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Old Mar 10, 2004, 1:16 PM   #9
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Default How to lose your mind quickly

I just got off the phone with Nikon re: 8700 vs. D70. It has taken me numerous emails (I finally gave up) and this half hour phone call to get the following information. Please don't tell me that I forgot something because the thought of going through their telephone response system again is not something I'm likely to do.

According to their tech support people, in spite of the larger CCD chip on the D70, the 8700's max. enlargement is 20 x 30 where the D70's max. enlargement is 16 x 20. My conclusion at the end of this portion of the call was that the 8700 will at least produce a comparable photographic enlargement to the D70 at the size that I'm going to use (8 x 10).

They call the 8700 the most sophisticated amateur camera in the product line whereas the D70 is a "basic professional camera". The 8700's ISO speeds range from 50-400, but the D70 can go as high as 1600.

The rep I spoke with did not have hands on experience with both cameras so I didn't hit him with questions about shooting sports or other subjects where the autofocus speed and zoom speed would be an issue.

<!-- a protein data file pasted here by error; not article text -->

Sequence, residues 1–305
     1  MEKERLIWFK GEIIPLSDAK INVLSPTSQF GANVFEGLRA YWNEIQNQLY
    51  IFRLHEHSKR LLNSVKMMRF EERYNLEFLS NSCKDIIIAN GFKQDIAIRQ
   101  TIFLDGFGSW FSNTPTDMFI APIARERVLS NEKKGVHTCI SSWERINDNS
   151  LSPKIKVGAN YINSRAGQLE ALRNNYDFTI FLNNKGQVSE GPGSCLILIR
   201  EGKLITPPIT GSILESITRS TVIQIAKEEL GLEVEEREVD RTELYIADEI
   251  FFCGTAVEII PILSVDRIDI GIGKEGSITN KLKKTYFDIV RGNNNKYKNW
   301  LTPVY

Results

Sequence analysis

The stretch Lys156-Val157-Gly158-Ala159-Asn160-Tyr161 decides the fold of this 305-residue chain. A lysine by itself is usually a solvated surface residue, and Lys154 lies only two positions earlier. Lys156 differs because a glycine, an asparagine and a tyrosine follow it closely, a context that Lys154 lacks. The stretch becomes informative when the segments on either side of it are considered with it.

The D70 is ready as soon as you turn the camera on, but the 8700 takes a few seconds to initialize. And when it comes to firing off multiple shots, the D70 can handle 144 frames at 3/sec in JPEG format whereas the 8700 can only handle 5 frames at 2.5 frames/sec or 12 frames at 1.2 frames/sec.

At the end of the conversation their rep asked, "Is there anything else I can do for you?" I said, "Sure. Make me a 16 x 20 print from each camera of the same subject at the same time with the same lighting and mail it to me." I don't think that's going to happen.

Although I'm interested in buying one of these cameras, the money is not quite yet burning a hole in my pocket. It may make sense to wait until the D70's released (no firm date given in my call, although I've heard elsewhere that it's scheduled to ship in limited quantities around 3/25) and see what the reviewers say. The only problem is that it's unlikely that anyone will do a side-by-side comparison because the cameras are in two different "classes".

rick
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Old Mar 10, 2004, 3:27 PM   #10
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Very interesting thread :shock: I too had looked at the D70 very closely. There is one review on line so far which I studied closely.

D70 advantages I see are the following:
1. Can take more pictures in the same time frame.
2. No delay in turning on.
3. Interchangeable lenses.
4. Better at taking action shots.
5. More ISO speeds to choose from

8700 advantages I see are the following:
1. Much smaller camera
2. You can blow up a picture to 20 x 30 compared to 16 x 20 on the D70.

For me, there is only one clear choice, the D70, in it's price range. I choose to save some money and bought the 5700 which I love! :P